Why You Should Get Around to Making a Will
Few people enjoy thinking about the inevitable – death. That probably explains why more than fifty percent of American adults do not have a will. With the string of celebrity deaths in the recent years, people are becoming more aware of the effects of bad (and sometimes good) estate planning. Ignorance is no longer an excuse. Whether you are in your early 30’s or late 70’s, you need to make an estate plan.
Critics of estate planning are concerned that planning for death will “jinx” the person and increase their chances of dying. This concern is irrational and just plain silly. Regardless of your excuse, whether based on paranoia or lack of time, the fact is if you don’t invest in estate planning measures – you are only guaranteed to complicate matters. Just ask any NYC probate lawyer who has handled an estate of a person who died without a will or had to file for a guardianship because someone failed to invest in a simple power of attorney. Even if you don’t plan to die for a while, you should still make arrangements for your children and the people in your life so that they can be prepared in the event death or incapacity strikes. In the area of estate law, it pays to be well prepared.
The logistics of a will is simple. The legal document dictates how your property, whether real estate or personal property (cash, stock, ie), will be distributed upon your death. To most people it is important that their belongings end up in the hands of people they actually like – and not in the hands of estranged family members. And really, what’s the point in saving and acquiring assets if in the end, undeserving hands inherit your estate?
Dying without a will ensures that the law of New York State takes precedence. Details can always vary on a specific fact pattern, but assets are typically allocated among surviving family members based on a hierarchy. Assets are first split between a spouse and any children, if no spouse or children then to your parents, siblings, and so on, until the lineage reaches first cousins. Where the deceased is survived by no blood relatives, his or her estate escheats to New York State. Here are some questions and answers about wills:
Must I hire an attorney to draw up my Will?
Yes! The ideal method for drawing up a will is getting it done by an estate lawyer. Preparing your own will almost always ends up a disaster. It’s safe to assume that if your will is self-prepared, it will not be accepted for probate by the Surrogate’s Court. Some people have a hard time admitting they can’t do everything. But that’s exactly what professional competency entails. You literally cannot do everything trained professionals can do. Do you dry clean your dress shirts or have a professional drycleaner service do it? Replace your own bathroom tiles? Give yourself a haircut? Give your car an oil change? Theoretically, and according to YouTube, you can certainly accomplish these tasks on your own. Nonetheless, most people would rather pay a skilledprofessional to get it done for them. The same principle applies to will and estates. When your legacy is at stake, hire an estate lawyer to help you.
How much is a Will?
How much you should expect to pay for a will depends on where you are located and the complexity of your particular situation. In New York City, and the surrounding boroughs, a couple typically pays $1,500 to $6,000 for an estate planning package. A stand-alone one person will normally costs $500.00. If you’re willing to cough up the money, its always recommended to include a power of attorney, health care proxy and a trust in your estate plan.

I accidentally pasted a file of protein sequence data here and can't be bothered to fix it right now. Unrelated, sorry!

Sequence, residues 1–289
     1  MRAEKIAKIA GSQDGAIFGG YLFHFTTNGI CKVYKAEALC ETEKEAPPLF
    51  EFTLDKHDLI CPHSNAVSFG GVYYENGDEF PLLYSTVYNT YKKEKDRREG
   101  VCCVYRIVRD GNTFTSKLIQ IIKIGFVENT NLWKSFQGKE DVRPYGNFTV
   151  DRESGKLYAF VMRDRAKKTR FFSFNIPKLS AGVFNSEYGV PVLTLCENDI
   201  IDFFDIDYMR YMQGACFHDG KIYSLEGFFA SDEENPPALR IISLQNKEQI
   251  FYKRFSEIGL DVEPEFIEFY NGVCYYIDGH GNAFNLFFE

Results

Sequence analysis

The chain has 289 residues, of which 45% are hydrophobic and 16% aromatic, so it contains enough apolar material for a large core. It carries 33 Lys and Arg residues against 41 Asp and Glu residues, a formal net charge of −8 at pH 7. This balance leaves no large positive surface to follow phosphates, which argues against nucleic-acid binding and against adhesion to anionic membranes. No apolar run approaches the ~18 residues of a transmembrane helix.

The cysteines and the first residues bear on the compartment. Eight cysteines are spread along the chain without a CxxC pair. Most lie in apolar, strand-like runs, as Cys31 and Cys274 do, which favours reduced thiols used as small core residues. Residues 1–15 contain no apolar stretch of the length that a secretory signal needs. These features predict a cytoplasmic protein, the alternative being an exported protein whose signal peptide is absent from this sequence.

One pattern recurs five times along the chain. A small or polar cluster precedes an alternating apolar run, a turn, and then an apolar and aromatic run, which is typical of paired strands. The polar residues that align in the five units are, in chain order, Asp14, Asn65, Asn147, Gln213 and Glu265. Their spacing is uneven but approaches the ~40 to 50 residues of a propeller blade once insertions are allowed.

It wouldn’t hurt to compare prices offered by big firms and small sized firms. Just make sure that the lawyer you hire knows a thing or two about estate planning. Don’t just run to the cheapest lawyer. If your estate documents are not prepared properly, especially in concern to a trust, be prepared to spend thousands of dollars to right the wrong.
Where should I keep my Will?
Many people consider the safe deposit box to be the best place to keep their original will. Unfortunately, that is not true. The account holder is the only person who has access to the safe deposit box. Once the account holder is deceased, you’ll have to get a court order compelling the bank to grant access to the box. Simply showing a death certificate to the bank will not do. Securing a court order involves court fees, attorney fees, and undue delay.
If your will is drafted by an estate lawyer, you have the option of keeping the original will in the attorney’s office. Some professionals advise against this route due to the fact that lawyers are mortal too, they may pass away or go out of business. Securing the original will is a big responsibility (or liability) which makes some attorneys unwilling to commit themselves to such a task.
So where should you keep your will? We suggest keeping it at home, possibly in a safe or a desk drawer. Make sure that the person you named as the executor in your will knows of the document’s existence and where it is kept, thereby eliminating the extra work and expense of searching for your will. Beware that if the original will cannot be found at your death, the court will presume that you never made a will or that you revoked it.
It doesn’t take much to implement the above mentioned estate planning principles. As basic as these principles are, a lack of planning or improper planning can be a recipe for disaster and can cost you and your loved ones significantly. Don’t ignore these basics. To discuss estate planning strategies or prepare a simple last will and testament, you can reach us at 646-233-0831.
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